There is a congregation singing a hymn in chapel at one point in the play, there is a burst of ‘In An English Country Garden’ at another, and ‘I do like to be beside the sea’ when the conscientious objectors are surprised, once they’ve been shipped to France, by being given 24 hours liberty in Boulogne (to ‘think things over’ – whether they really want to carry their protest all the way to the threat of being court-martialled).
It occurred to me that it would be so much better to get my musical mates to record these songs and music rather than get impersonal archive recordings. So we gathered round my house one evening with Mark Noble, the sound designer, and Sally Davies played a lovely violin rendition of ‘Country Garden’, Martina Schwarz played a joyful burst of French accordion to signify the journey to the other side of the channel, and the singers gave a beautiful rendition of a hymn in four part harmony.
The singers then sang ‘Seaside’ with great gusto, when Martina piped up, ‘I can play that on the accordion as well, if you want.’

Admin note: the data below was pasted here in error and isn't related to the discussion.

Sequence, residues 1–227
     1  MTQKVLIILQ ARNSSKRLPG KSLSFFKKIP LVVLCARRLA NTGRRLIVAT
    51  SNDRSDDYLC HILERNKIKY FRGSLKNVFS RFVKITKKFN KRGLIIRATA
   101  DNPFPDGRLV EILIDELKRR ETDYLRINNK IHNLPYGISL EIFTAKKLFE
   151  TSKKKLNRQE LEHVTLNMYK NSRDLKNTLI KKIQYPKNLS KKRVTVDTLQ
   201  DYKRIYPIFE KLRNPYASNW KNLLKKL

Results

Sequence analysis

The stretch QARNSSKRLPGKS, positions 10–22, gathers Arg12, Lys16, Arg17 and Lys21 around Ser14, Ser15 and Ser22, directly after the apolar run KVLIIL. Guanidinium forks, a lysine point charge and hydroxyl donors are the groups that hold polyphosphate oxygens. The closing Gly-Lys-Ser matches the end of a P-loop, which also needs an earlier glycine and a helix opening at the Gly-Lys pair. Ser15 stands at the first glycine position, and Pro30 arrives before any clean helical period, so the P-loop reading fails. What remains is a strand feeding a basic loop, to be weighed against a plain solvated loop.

‘But you’ve packed it away now, haven’t you?’ I said. Not a problem. She took it out, we settled on the right key, and ‘Seaside’ sounded even better with six singers and its accordion backing.
As a bonus, the gang were also happy to record a few non-musical moments – gasps of
astonishment when Bertrand Russell is sentenced to 6 months imprisonment, and cries of ‘Case dismissed!’ when numerous C.O.s are given short shrift at their tribunal hearings.
Along with the skylarks I recorded in Norfolk the other week, this means we have barely given the sound recording libraries a second thought.
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